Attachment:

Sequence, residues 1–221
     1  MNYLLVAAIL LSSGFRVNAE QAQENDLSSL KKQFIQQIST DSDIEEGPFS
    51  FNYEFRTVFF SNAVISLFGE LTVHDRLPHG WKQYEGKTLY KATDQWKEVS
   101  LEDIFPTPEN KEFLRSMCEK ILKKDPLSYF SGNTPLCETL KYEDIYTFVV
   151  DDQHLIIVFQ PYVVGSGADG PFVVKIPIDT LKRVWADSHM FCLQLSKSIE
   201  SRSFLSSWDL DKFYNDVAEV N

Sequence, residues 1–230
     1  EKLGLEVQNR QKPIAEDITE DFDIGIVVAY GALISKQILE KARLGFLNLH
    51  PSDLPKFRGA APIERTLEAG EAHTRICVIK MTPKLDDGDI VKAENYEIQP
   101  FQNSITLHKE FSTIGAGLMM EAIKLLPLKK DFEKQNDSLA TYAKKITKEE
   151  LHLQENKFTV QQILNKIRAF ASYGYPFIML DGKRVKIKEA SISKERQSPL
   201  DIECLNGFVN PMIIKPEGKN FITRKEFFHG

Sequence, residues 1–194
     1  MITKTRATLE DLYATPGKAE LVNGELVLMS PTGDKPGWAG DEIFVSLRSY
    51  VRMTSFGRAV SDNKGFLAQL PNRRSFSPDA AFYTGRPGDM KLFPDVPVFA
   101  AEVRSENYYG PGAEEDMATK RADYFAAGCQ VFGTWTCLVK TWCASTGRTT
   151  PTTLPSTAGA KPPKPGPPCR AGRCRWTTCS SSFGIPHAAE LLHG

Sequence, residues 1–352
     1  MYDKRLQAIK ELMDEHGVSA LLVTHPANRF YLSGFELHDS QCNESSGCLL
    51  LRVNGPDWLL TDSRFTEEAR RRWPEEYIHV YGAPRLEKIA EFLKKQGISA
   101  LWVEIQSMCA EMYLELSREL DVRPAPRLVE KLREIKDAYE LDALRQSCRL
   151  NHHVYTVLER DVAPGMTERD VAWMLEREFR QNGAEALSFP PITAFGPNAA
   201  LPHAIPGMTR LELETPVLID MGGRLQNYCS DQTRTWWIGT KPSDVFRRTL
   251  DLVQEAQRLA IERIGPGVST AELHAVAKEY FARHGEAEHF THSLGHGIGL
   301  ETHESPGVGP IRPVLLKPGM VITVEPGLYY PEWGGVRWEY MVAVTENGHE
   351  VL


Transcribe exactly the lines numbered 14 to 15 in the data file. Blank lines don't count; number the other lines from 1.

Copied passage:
     1  MITKTRATLE DLYATPGKAE LVNGELVLMS PTGDKPGWAG DEIFVSLRSY
    51  VRMTSFGRAV SDNKGFLAQL PNRRSFSPDA AFYTGRPGDM KLFPDVPVFA